The Forgotten Maserati Concept Car That Still Looks Futuristic Today

The Maserati brand has produced some of the world's best-looking concept cars. For starters, the Maserati Boomerang debuted at the 1971 Turin Auto Show as possibly the most futuristic-inspired concept of the time. Maserati took the 90s by storm with its Chubasco concept, a flagship grand-touring sports car penned by Marcello Gandini — the iconic designer behind the Lamborghini Miura, Countach, and Diablo's head-turning silhouette.

However, Maserati cooked up a storm for the 2005 Geneva Auto Show. The Italian automaker collaborated with then-electronics giant Motorola and Pininfarina to create a magnificent concept car based on the Maserati MC12 Competizione, one of the best Maserati production cars

Moreover, Pininfarina celebrated its 70th anniversary in 2020, and it teamed up with Maserati to enter its grand 75th birthday with the luscious Birdcage 75. The Maserati Birdcage 75th was a missed opportunity that should have entered production, because it still looks utterly futuristic despite its age.

Celebrating 75 years of design excellence

Italian design house Pininfarina started in May 1930 and is commemorating its 93rd anniversary in 2023. Known popularly for designing the best-looking vintage and post-modern Ferraris, Pininfarina has worked with other automakers like Fiat, Lancia, Alfa Romeo, Peugeot, and Maserati (per Motor Trend). It also designed concept cars for Chevy, Jaguar, Citroen, and Honda (per Goodwood). However, the Maserati Birdcage 75th is undoubtedly one of Pininfarina's best concept cars, and it goes beyond the car's low-slung, futuristic, and racing-inspired shape.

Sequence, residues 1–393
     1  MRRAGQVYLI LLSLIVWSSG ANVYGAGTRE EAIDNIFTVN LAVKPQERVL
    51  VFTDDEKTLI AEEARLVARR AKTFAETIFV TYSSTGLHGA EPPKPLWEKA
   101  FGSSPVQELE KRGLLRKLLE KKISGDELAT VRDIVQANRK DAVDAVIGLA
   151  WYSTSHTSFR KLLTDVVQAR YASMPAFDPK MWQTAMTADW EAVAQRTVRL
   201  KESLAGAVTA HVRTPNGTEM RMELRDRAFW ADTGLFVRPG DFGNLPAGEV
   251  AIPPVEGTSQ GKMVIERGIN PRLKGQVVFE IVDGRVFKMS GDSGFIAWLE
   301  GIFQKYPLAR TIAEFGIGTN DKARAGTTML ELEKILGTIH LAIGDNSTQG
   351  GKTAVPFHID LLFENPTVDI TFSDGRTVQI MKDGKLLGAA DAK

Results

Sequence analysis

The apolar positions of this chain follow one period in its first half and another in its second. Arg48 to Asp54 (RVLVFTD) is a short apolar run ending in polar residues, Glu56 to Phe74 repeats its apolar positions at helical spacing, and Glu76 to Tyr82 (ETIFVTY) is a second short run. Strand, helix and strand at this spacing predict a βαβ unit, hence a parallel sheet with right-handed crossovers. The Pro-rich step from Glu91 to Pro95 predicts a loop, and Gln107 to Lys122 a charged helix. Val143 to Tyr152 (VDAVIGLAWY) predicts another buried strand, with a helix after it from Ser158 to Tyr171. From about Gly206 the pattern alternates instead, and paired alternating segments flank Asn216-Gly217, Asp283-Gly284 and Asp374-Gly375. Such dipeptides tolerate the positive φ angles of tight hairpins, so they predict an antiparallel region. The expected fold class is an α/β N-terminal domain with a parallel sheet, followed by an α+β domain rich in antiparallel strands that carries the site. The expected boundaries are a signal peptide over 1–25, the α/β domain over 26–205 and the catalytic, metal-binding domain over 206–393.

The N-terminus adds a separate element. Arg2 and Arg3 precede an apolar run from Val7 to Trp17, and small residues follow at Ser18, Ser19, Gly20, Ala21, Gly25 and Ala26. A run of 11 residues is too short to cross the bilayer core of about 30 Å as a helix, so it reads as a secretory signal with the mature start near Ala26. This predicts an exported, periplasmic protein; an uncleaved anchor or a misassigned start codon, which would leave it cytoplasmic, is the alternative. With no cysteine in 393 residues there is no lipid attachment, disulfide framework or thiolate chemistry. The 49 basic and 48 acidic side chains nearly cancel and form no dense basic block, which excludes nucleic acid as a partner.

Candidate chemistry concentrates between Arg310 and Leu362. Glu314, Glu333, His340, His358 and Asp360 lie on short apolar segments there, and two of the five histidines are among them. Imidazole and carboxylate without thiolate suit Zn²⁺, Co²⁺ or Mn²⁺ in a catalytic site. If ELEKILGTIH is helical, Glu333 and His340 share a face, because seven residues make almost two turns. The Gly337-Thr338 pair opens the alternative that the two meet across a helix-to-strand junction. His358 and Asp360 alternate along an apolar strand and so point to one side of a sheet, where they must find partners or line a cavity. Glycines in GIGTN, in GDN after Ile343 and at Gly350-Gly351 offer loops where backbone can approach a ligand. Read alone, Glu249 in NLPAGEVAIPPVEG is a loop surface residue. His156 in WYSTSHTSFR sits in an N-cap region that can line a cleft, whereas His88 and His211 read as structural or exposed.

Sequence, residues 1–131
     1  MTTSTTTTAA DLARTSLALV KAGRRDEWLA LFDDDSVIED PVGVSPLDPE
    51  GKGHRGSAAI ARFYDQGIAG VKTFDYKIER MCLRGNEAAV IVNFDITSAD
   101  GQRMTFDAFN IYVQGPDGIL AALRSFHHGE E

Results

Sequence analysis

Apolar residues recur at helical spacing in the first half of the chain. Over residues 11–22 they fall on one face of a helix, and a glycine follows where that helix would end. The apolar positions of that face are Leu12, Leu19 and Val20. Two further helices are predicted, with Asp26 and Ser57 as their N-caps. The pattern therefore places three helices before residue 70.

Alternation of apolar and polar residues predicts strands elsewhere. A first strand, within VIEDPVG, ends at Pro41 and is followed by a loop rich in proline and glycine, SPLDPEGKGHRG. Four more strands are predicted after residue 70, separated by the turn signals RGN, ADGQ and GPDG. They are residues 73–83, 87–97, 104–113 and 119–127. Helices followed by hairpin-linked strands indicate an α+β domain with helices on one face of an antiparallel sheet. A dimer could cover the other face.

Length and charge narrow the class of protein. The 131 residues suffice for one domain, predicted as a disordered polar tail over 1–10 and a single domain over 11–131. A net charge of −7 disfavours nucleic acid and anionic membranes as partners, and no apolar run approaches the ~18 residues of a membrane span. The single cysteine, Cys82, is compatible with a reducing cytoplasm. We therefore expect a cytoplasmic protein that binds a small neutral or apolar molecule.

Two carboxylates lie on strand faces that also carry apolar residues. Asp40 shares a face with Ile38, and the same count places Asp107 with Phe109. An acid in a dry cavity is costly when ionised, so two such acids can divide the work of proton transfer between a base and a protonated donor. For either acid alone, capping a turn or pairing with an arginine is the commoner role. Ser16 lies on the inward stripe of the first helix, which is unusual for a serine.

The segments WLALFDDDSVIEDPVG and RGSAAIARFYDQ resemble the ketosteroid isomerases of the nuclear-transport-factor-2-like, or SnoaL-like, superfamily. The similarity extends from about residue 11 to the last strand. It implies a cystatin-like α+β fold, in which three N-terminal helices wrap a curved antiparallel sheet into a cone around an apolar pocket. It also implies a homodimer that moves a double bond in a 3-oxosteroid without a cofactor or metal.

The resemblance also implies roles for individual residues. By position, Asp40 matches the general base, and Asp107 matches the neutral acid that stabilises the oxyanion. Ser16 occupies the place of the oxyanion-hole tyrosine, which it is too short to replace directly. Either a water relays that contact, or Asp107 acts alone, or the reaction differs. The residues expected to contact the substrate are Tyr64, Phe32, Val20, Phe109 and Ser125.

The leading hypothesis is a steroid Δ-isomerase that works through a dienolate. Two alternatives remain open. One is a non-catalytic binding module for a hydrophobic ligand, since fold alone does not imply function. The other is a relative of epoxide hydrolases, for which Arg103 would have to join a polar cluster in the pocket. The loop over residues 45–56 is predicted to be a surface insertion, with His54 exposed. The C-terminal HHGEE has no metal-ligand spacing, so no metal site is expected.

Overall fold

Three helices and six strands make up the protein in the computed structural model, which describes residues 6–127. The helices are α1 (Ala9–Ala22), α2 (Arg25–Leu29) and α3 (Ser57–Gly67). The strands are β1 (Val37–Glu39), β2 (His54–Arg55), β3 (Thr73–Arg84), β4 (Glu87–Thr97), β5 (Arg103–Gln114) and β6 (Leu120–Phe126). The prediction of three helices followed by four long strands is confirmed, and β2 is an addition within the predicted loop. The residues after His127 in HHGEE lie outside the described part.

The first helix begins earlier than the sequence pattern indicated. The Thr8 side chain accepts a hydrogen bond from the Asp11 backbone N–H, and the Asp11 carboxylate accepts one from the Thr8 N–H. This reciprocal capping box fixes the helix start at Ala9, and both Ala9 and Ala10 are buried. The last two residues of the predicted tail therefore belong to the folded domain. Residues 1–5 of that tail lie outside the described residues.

Designed to recreate the shapely vintage sheet metal of Maserati's Birdcage post-war racing cars (specifically the Birdcage Tipo 60/Tipo 61), the Birdcage 75th's most defining feature is its jet-fighter-style canopy design. According to Pininfarina, the "transparent upper part" offers a panoramic view while enabling onlookers to admire the engineering underneath. The Birdcage stands only a meter high, yet squats with aggression courtesy of its bulbous wheel arches.

Best of all, the Birdcage 75th is not merely for show. It inherited most of what made the MC12 a desirable collector car and racing toy, like a carbon-fiber monocoque chassis, a mid-mounted 700-horsepower 6.0-liter V12 engine, and a six-speed manual transaxle gearbox. Motor Trend took it for a test drive (lucky bastards) in 2006, and they can't help but marvel at the concept's state-of-the-art interior.

From design to reality in 60 days

It only took two months for Maserati, Pininfarina, and Motorola to bring the Birdcage 75th from 3D renderings to a drivable concept, and it included the concept's hi-tech interior. Motorola gave it a pair of heads-up displays and a display on the tiller. 

Meanwhile, Maserati installed an array of cameras around the car, enabling the occupants to share their moments using a mobile phone. It all sounds familiar, right? Goodwood said it best when it claimed the Birdcage 75th "would have been the dream car for the Instagram generation."

What's crazier is there were rumors that Maserati and Pininfarina built "a few" Birdcage 75ths for its most loyal and deep-pocketed clients. Motor Trend adds that if the rumors were true, each car would cost about $3,000,000 in 2005, which is around $4.7 million in today's money. In return, lucky buyers would get a car that looks like no other Maserati on the road, making it worth every penny.